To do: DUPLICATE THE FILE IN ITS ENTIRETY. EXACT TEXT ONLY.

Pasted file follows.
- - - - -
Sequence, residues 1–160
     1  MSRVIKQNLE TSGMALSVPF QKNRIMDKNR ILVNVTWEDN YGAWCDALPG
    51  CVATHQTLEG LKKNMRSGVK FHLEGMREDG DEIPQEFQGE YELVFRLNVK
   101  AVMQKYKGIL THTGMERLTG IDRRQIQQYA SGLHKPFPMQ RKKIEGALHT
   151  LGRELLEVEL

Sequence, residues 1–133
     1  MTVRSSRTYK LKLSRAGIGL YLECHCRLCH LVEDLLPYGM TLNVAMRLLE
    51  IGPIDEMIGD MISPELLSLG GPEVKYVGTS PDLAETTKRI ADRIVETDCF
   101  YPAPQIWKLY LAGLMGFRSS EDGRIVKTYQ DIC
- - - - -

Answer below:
Sequence, residues 1–160
     1  MSRVIKQNLE TSGMALSVPF QKNRIMDKNR ILVNVTWEDN YGAWCDALPG
    51  CVATHQTLEG LKKNMRSGVK FHLEGMREDG DEIPQEFQGE YELVFRLNVK
   101  AVMQKYKGIL THTGMERLTG IDRRQIQQYA SGLHKPFPMQ RKKIEGALHT
   151  LGRELLEVEL

Sequence, residues 1–133
     1  MTVRSSRTYK LKLSRAGIGL YLECHCRLCH LVEDLLPYGM TLNVAMRLLE
    51  IGPIDEMIGD MISPELLSLG GPEVKYVGTS PDLAETTKRI ADRIVETDCF
   101  YPAPQIWKLY LAGLMGFRSS EDGRIVKTYQ DIC